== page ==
Anyone who’s in the business of covering, or simply just following passionately, the going-ons of video games will know of the Dynasty Warrior series. Regardless of your time spent in any of the long-running Musou entries, mainline or spin-off alike. Whether it’s a hundred hours, none at all, or anywhere in the middle, Koei Tecmo’s most well-known franchise has lasted on many grounds. The simple appeal of its hack-and-slash, power-fantasy gameplay, the persistence of its developer, but also the intrigue on how that template will play out when other IPs and series names are given the DW treatment. And when one says “play out” as stated you can already get a good idea on the gameplay; it’s how that supposed spin-off treats its source material, its assembly of playable characters and settings alike, that can determine whether a Musou is really a good fit in the first place.
It may not be the first time that long-running anime series One Piece has ventured into such territory, but it allows for a refreshing change of pace from what is Bandai Namco’s regular assortment of fighting and JRPG equivalents alike. Particularly when it’s been more than four years since the IP last ventured back into Musou territory — 2015’s Pirate Warriors 3, while not as committed on providing PC players the sharpest of experiences, still devoted itself sufficiently well in serving fans through characters and locales alike. Commitment to the material is one of the reasons why players — outside the long-time devotion to Dynasty Warriors, or not — gravitate towards the spin-off entries. Who’s in, who’s not. What settings are featured, which aren’t? Above everything else, there’ll be little argument against Bandai Namco themselves pulling from all corners of the series this time round.
Covering story arcs and events from the series’ recent running on top, One Piece: Pirate Warriors 4 may be making the obligatory next step on scale of content, but its gameplay remains atypically Musou-like. That in itself may not be much to celebrate — naturally, you could condense all this into the comment that if you’ve played one Musou, you’ve played them all. But while there’s some truth to that — namely the obvious advantage players have in lashing out against hundreds upon hundreds of foot soldiers whose only purpose seems to keep a player’s KO meeting going — that doesn’t mean numero four in the series has lost any of the easy appeal. There’s still some novelty in unleashing a special attack, sending countless foes flying in pre-determined ways — flashy visual effects and all. But the game still manages to inject a sense of urgency and unexpected surprise at the way events play out on the field of battle.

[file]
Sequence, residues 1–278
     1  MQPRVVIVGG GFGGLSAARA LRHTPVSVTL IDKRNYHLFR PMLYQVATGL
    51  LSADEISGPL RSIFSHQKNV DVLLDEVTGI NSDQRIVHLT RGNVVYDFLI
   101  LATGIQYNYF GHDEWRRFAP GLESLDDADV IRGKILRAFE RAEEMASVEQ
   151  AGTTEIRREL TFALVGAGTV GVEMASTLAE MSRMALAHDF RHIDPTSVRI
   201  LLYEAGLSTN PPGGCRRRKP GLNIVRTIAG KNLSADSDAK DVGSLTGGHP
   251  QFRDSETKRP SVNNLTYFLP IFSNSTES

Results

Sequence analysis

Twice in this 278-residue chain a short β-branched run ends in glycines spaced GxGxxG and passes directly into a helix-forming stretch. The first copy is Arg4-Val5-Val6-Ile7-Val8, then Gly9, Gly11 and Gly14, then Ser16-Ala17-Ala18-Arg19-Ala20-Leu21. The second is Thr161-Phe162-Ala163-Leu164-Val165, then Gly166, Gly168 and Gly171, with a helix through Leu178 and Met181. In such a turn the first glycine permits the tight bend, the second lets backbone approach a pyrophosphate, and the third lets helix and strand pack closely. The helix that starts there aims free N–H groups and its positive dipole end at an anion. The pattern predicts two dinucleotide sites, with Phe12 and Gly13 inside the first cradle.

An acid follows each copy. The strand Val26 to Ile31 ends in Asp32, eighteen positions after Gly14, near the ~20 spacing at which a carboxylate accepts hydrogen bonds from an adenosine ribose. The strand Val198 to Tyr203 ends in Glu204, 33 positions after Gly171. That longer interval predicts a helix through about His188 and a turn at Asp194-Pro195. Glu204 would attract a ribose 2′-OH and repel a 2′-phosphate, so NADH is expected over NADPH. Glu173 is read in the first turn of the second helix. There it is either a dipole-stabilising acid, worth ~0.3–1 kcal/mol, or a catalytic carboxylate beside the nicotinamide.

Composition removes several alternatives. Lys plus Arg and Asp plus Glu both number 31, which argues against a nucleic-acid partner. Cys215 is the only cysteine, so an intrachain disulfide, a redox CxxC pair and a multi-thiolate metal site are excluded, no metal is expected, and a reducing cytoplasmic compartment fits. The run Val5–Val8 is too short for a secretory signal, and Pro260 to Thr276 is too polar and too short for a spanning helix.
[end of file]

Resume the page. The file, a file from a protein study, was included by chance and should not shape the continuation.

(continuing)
Support/allied characters running into trouble, struggling with securing a vital strong-hold, additional support popping up in an oh-so-conveniently distant section of the map. The latter of which doesn’t dawdle in its opportune moments — disappearing rather quickly if a player isn’t quick to capitalize. So too, the way particular routes and avenues in-between can get blocked off, unpredictable sub-bosses showing up to tackle before one can resume pressing forth. The game doesn’t always flow as smoothly as one would expect, particularly when the player is thrust into such split-second decisions. Ways cleared of foes, seeming to take a couple more seconds for the game to process that said road-block shouldn’t be present anymore. But overall, while there isn’t much on the surface to suggest this is a radical alternative or overthrowing of conventions, the simpler moment-to-moment gameplay remains just as satisfying to indulge one’s self with.
Perhaps that indulgence with its material — in bringing the manga’s lengthy history together — is where Pirate Warriors 4’s main hook will reside. No matter your affiliation with this specific Toei Animation property (and there’s still the worry that Toei themselves, in their conserved, overly-protective state, will limit how far and wide the series’ representation will span), it’s still odd to peer into one of the game’s possible scenarios in picking a character whom looms over the battlefield — taking the Musou’s concept of ridiculous action to new heights…literally. Where most scenarios across all Warriors-likes have you controlling a character of relative height and size compared to the environment, Pirate Warriors 4 also has the option to control those that tower countless feet. Adding a further layer of non-sensical, hack-and-slash combat atop the already-ludicrous hack-and-slash template.
But maybe that’s the kind of direction these particular adaptations have going for them: the lengths they’ll go to so as to indulge in the IP at their disposal. While other spin-off efforts in the past — namely when the Dynasty Warriors formula invites even the likes of Nintendo properties into the fold — have been mixed when it comes to the flexibility of their content and character roster alike, maybe the one thing One Piece has going for it is in its lack of shying away from the series’ [even] more ridiculous ventures, past and present alike. On the gameplay front, the extravagant Musou spectacle might not initially be that different or altered as dramatically, but while there’s no sign of an open-world (perhaps thankfully, by some people’s recollect) Pirate Warriors 4 does look to continue the enjoyable-enough attraction that blasting away thousands of voluntary foes delivers with ridiculous, yet charming, ease.